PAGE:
word of the day: meed
This passage in Hawthorne’s Blithedale Romance has narrator Miles Coverdale congratulating himself on his skills as an observer, a passionate, yet disinterested observer.
context: “Of all possible observers, methought a woman like Zenobia and a man like Hollingsworth should have selected me. And, now, when the event has long been past, I retain the same opinion of my fitness for the office. True, I might have condemned them. Had I been judge, as well as witness, my sentence might have been stern as that of destiny itself. But, still, no trait of original nobility of character, no struggle against temptation, — no iron necessity of will, on the one hand, nor extenuating circumstance to be derived from passion and despair, on the other, — no remorse that might coexist with error, even if powerless to prevent it, — no proud repentance that should claim retribution as a meed, — would go unappreciated. True, again, I might give my full assent to the punishment which was sure to follow. But it would be given mournfully , and with undiminished love. And, after all was finished, I would come, as if to gather up the white ashes of those who had perished at the stake, and to tell the world — the wrong being now atoned for — how much had perished there which it had never yet known how to praise.”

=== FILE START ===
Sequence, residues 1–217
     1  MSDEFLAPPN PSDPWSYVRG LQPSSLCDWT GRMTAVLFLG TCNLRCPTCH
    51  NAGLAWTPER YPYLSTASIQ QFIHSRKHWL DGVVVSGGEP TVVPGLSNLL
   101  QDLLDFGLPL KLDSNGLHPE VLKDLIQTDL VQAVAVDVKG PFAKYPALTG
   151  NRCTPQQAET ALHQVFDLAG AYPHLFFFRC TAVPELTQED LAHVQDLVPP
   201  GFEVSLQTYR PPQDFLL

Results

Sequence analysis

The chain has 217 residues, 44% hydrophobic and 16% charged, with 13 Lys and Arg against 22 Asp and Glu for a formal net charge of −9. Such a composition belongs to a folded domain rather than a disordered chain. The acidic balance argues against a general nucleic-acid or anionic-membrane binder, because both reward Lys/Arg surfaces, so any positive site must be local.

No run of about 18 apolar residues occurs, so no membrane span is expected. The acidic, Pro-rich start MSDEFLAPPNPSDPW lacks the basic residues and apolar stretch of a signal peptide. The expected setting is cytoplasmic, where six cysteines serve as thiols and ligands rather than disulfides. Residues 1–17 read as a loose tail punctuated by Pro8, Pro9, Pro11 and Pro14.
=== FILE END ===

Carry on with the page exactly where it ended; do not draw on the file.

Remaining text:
definition (Collins): a merited recompense or reward
Quite a performance, that passage. Perhaps, in a sense, it is an apology. I did your story justice, he seems to be telling his protagonists, even if you didn’t come out looking very good.
The Blithedale Romance
by Nathaniel Hawthorne
1852. 1960, Dell Publishing, New York